It was during my recent trip to Jaipur when someone, without being cynical, told me “3G is just for namesake here; we just know there’s YouTube?” Quite frankly, I was embarrassed. As an online media professional, it was disheartening for me to know the ground reality of internet connectivity in India. Going by statistics, we are doing great and at this pace will achieve the magical 500 million mark in terms of internet subscribers by the year 2017. Out of which, 60 percent will be on either 3G or 4G. Basically, what we are coming across is both sides of the coin, one says there’s plenty of opportunity in the digital space when it comes to healthcare and the other says the opportunities are just in papers. So, are we relying on luck to get the preferred side? That’s the point I am trying to make. The opportunities are there, whether on paper or on ground; it is completely on us how we are leveraging this agile communication media to best of our usage.
Recently, plethora of online appointment booking websites have mushroomed in the healthcare space and one must admit that they are proving quite beneficial both for the end-user as well as for the physician. But the greater question is when will the remote places get to see and use such services? Places where the primary healthcare centers lack both tools and professionals to use them. Can we make the end-user aware of the technology available independently without the backend support of the healthcare delivery centers? The answer is probably NO. The healthcare delivery centers are the first point of contact and that’s the place from where awareness can be driven.
More importantly, the onus of creating such an eco-system where there’s seamless communication between the primary and tertiary care centers, with visible impact on improving patient care, lies with many stakeholders, including medical associations. The industry too can actively participate in such exercises given the fact that they have such an extensive network of representatives. Every pharma/medical equipment company is now talking about Apps and web tools to enable physicians take more informed decisions but the implementation is not that great. Innovation cannot be just bringing out newer tools and technology, it is also about how we are maximizing the usage of existing tools.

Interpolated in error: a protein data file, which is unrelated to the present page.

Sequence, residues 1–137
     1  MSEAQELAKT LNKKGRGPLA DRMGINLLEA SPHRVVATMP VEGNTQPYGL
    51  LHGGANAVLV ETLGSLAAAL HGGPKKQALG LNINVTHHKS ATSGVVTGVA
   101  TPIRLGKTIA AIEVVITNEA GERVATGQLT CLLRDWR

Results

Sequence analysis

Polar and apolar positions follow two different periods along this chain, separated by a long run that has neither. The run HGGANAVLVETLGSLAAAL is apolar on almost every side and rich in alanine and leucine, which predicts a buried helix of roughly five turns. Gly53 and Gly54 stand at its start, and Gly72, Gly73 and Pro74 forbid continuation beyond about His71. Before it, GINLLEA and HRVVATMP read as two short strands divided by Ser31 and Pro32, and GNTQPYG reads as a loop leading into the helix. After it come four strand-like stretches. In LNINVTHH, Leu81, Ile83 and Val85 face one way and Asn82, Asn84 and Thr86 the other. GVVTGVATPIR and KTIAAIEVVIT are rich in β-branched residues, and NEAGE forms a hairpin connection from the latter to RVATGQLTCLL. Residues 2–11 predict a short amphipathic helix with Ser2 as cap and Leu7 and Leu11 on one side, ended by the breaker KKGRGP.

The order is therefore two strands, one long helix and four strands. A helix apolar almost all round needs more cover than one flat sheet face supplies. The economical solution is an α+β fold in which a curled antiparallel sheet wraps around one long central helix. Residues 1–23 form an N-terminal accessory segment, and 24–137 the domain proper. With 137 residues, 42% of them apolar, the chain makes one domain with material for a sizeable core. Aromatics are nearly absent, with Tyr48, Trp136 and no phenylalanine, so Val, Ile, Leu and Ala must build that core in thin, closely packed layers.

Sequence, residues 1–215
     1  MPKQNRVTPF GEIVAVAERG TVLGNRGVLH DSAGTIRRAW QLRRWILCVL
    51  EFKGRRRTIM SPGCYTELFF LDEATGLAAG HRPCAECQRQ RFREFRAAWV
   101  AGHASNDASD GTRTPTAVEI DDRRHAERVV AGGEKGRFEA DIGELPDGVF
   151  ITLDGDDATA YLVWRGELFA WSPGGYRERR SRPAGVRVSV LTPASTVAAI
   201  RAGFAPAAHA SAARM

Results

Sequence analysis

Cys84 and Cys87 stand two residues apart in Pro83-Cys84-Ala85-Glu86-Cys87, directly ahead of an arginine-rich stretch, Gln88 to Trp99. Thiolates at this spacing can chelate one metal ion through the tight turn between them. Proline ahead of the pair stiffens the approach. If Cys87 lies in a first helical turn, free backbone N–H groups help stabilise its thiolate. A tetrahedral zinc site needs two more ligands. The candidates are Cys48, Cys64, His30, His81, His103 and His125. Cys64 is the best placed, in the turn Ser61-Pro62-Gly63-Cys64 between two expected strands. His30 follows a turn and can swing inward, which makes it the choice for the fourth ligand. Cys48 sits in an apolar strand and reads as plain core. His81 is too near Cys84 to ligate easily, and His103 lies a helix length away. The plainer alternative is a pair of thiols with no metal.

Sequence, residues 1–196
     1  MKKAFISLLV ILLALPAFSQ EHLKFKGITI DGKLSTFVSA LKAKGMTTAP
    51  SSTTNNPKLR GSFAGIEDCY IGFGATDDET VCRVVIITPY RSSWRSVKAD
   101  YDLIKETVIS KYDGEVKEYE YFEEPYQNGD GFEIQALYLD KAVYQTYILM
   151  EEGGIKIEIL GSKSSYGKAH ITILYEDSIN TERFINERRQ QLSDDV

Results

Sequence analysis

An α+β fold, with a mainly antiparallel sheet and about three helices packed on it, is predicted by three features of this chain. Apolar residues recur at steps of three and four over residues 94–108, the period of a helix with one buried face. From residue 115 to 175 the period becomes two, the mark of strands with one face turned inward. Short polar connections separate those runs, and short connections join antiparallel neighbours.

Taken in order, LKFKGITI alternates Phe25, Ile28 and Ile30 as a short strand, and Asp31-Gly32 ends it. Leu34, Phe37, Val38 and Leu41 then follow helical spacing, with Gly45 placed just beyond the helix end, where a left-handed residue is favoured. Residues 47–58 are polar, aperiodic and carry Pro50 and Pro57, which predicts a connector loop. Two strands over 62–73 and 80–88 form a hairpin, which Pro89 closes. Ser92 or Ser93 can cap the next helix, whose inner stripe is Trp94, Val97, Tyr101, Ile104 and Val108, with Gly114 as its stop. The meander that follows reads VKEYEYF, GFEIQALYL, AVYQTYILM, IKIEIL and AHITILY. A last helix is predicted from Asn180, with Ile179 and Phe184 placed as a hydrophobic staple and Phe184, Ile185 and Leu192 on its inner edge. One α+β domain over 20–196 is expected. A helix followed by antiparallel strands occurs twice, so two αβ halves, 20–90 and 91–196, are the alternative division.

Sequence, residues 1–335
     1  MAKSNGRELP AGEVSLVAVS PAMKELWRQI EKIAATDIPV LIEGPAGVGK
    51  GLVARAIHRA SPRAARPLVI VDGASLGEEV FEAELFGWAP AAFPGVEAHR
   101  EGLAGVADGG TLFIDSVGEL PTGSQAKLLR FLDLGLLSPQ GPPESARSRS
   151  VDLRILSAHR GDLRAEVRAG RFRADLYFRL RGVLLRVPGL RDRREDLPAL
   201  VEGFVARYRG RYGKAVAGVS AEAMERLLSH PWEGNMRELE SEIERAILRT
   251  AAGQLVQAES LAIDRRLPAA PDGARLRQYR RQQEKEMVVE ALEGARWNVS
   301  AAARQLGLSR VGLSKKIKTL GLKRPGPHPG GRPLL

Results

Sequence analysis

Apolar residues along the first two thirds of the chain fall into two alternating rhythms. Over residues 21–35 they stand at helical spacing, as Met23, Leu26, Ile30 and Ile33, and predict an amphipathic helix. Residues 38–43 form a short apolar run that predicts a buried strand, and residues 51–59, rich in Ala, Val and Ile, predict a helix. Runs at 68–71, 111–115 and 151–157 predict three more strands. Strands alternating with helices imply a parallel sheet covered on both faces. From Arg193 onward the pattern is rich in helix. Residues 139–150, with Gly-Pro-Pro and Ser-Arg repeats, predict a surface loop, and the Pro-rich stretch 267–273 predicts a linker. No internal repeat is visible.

The ultimate objective of mobile health is to significantly improve patient care by closing the time gap that currently exists. All it needs is a proper roadmap, a robust implementation strategy and above all a noble intent. Lastly, it is evident that this mobile age is here to last and we need to jump onto this bandwagon else we might be losing out on a number of opportunities. This goes true for all stakeholders in the healthcare sector, whether the individual doctors, hospitals, industry or even Government.
Robin Chatterjee is the Managing Editor of e-Doctor. Prior to this he was involved with some of India’s top media houses, including Network18 and Bloomberg TV India in various editorial positions, with an extensive focus on Healthcare. Robin is known for his deep understanding of the medical/biomedical science and has contributed to various international publications as well.
You can follow him on Twitter here.